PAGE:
Problems Done: 218 (Correct: 143 Failed: 75)
Percentage correct: 65.60%

Clear improvement! Twenty correct, and three wrong. The errors continue to reveal a tendency to miss obvious tactics. For instance, moving the wrong knight in this problem.

White to move

In order to move memorized games into long-term memory, review is needed. Frequently, I have been able to play through an entire game for a week or a month, or even longer. But, if a few weeks go by and I do not show the game to someone, the memory dissipates.

I created a list of games that I have memorized. The first page of the document lists just the players and ratings. After a page break, the entire game scores are reproduced. Page one appears thus:

Memory Games

(1) De Kemur,Sire de Legal - Saint Brie
(2) Zimmer - Hans Bruening
(3) Taylor,I.O. Howard - N,N
(4) Blake,Joseph Henry - Hook,William
(5) Spassky,Boris V - Evans,Larry Melvyn
(6) Mayet,Carl - Anderssen,Adolf
(7) Stripes,James (1879) - Moroney,Timothy (2076)
(8) Grabovetz,Vladimir (1850) - Stripes,James (1999)
(9) Carlsen,Magnus (2814) - Wang Hao (2731)
(10) Auberonk (1827) - Stripes,James (1784)

Mayet - Anderssen is one of my forgotten games. I knew it when I posted "Understanding Mayet's Thinking" two years ago, but have not reviewed it recently. This morning I played through it several times until I was able to do so without looking at the game score. I intend to continue working on Carlsen - Wang Hao today. Auberonk - Stripes ends in the position in my banner, and it took me ten minutes or so to locate the game in my game archive on Chess.com (I didn't want N.N. as the name of White).

Once these ten are secure in my mind, I plan to work on a Kasparov game that I knew for a week in February: Kasparov - Pribyl, Skara 1980. The game is discussed in Garry Kasparov on Garry Kasparov, Part I: 1973-1985 and in Kasparov, My Story, Part 5 and Part 6.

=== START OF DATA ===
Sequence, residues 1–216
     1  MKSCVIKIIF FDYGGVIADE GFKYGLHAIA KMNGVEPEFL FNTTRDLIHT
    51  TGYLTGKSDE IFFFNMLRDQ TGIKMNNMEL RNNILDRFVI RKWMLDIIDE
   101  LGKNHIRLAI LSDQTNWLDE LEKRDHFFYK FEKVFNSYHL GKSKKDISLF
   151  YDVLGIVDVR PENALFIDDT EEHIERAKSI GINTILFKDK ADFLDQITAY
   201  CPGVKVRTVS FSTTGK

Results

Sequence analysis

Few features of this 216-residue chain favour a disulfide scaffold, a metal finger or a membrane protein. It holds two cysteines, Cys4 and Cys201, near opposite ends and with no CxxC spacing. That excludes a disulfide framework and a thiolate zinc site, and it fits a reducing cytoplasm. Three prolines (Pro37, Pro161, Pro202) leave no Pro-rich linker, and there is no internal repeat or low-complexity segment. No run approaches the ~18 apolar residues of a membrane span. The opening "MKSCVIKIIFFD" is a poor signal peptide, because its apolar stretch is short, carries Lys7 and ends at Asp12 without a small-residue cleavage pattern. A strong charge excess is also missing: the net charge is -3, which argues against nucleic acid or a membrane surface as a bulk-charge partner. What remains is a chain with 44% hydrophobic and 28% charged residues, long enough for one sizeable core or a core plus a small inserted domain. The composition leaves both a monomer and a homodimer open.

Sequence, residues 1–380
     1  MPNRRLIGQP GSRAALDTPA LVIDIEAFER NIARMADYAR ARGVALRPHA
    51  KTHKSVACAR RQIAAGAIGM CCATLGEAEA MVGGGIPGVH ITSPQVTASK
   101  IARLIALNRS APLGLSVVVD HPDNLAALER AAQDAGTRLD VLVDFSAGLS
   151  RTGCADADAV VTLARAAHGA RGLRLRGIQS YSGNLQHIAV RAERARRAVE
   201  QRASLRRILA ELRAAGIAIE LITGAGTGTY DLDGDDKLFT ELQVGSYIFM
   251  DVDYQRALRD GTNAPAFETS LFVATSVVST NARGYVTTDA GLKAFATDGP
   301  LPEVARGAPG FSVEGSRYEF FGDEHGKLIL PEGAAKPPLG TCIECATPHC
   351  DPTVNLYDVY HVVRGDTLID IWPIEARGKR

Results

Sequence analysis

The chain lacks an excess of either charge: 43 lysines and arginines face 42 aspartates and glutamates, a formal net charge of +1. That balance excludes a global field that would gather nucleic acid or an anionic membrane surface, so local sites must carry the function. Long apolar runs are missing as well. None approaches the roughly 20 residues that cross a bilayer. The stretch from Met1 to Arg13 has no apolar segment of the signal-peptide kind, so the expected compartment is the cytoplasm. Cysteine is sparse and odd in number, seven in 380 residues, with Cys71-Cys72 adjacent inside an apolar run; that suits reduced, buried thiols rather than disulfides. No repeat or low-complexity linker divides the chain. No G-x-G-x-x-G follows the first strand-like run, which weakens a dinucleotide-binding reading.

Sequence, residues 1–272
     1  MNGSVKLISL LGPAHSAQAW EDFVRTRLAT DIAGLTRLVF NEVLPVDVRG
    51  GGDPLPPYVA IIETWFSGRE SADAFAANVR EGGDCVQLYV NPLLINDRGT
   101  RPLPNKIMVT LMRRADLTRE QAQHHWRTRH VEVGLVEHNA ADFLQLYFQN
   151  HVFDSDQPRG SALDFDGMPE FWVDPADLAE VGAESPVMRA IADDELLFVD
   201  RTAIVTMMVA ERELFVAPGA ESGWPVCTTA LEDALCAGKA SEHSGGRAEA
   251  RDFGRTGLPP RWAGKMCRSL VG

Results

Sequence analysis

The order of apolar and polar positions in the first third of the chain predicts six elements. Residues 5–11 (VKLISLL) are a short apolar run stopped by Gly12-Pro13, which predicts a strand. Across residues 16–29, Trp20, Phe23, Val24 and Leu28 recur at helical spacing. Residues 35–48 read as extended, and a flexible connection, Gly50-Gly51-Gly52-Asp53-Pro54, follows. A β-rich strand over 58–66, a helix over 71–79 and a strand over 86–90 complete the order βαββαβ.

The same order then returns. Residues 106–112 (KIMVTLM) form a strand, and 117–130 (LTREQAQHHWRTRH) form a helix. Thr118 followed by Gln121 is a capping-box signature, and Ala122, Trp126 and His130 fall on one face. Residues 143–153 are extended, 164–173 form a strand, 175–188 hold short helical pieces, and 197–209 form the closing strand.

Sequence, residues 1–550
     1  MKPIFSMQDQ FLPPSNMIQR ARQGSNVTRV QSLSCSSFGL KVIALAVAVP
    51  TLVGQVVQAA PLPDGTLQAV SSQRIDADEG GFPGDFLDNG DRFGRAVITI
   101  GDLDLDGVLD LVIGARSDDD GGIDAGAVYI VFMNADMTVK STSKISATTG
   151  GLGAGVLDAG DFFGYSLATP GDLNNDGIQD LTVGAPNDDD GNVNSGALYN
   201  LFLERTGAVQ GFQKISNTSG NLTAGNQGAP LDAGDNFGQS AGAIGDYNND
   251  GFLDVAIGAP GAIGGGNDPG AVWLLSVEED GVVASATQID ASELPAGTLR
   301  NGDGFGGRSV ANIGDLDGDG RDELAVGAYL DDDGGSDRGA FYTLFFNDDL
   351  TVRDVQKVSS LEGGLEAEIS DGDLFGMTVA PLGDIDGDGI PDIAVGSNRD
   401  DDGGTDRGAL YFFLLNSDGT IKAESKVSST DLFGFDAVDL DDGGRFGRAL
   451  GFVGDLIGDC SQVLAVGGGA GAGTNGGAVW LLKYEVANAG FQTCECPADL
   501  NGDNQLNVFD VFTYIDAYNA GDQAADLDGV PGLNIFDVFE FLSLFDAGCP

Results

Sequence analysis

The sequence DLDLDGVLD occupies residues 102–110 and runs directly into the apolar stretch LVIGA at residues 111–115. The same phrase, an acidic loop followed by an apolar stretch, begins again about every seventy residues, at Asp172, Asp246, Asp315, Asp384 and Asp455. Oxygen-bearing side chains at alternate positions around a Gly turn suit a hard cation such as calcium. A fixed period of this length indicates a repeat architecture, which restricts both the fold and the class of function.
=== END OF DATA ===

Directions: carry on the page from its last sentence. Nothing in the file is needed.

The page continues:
Friday, 6 April 2012

Started the day with three quick Shredder puzzles while taking care of business. I missed the first because I missed the queen's diagonal route out of self-danger to defend the rook, and thereby the back rank. One drawback to the Shredder iPad app: I cannot go back two problems to show you the one that I missed. It should come up again after I do 999 more. The other two were solved correctly in an instant.

Turning to the last three combinations in Chess Informant 111, I solved this problem easily.

Black to move (diagram upside down--Black on bottom)

Jeans in the wash, towels in the dryer. A few minutes working on the move sequence in Carlsen - Wang Hao, and then a short Chess Tempo session.

Problems Done: 231 (Correct: 154 Failed: 77)
Percentage correct: 66.67%

The logic underneath Wang Hao's play defies me, making the moves harder to remember, but I'm also struggling with some of the nuances of Carlsen's play. As it happens, the lecturer who was to speak at chess club last night had car problems and did not show. But, I had taken my memory list, so a friend was able to test my knowledge of the ten games. I knew all the moves in nine of them. We spent some time working out the Carlsen's finish if Wang Hao had not resigned. Checks that drive the king to the queenside leave Black's monarch secure and with a larger army. One key idea seems to be reversing the order of White's pieces on the h-file (rook to h7 and queen to h5 via g6).

Saturday, 7 April 2012

Due to a road trip to a Sandpoint, Idaho, where I run a small annual community tournament, my training today was limited to a few problems on the iPad, and one in Alburt, Chess Training Pocket Book II.

Shredder Totals

1569 puzzles: 12284/15690 points 78%
last 10 puzzles: 91/100 91%


  1. You can choose the size of the board at CT by using a bigger font.

    1. Thanks! The board size, colors, and pieces are now much more to my liking.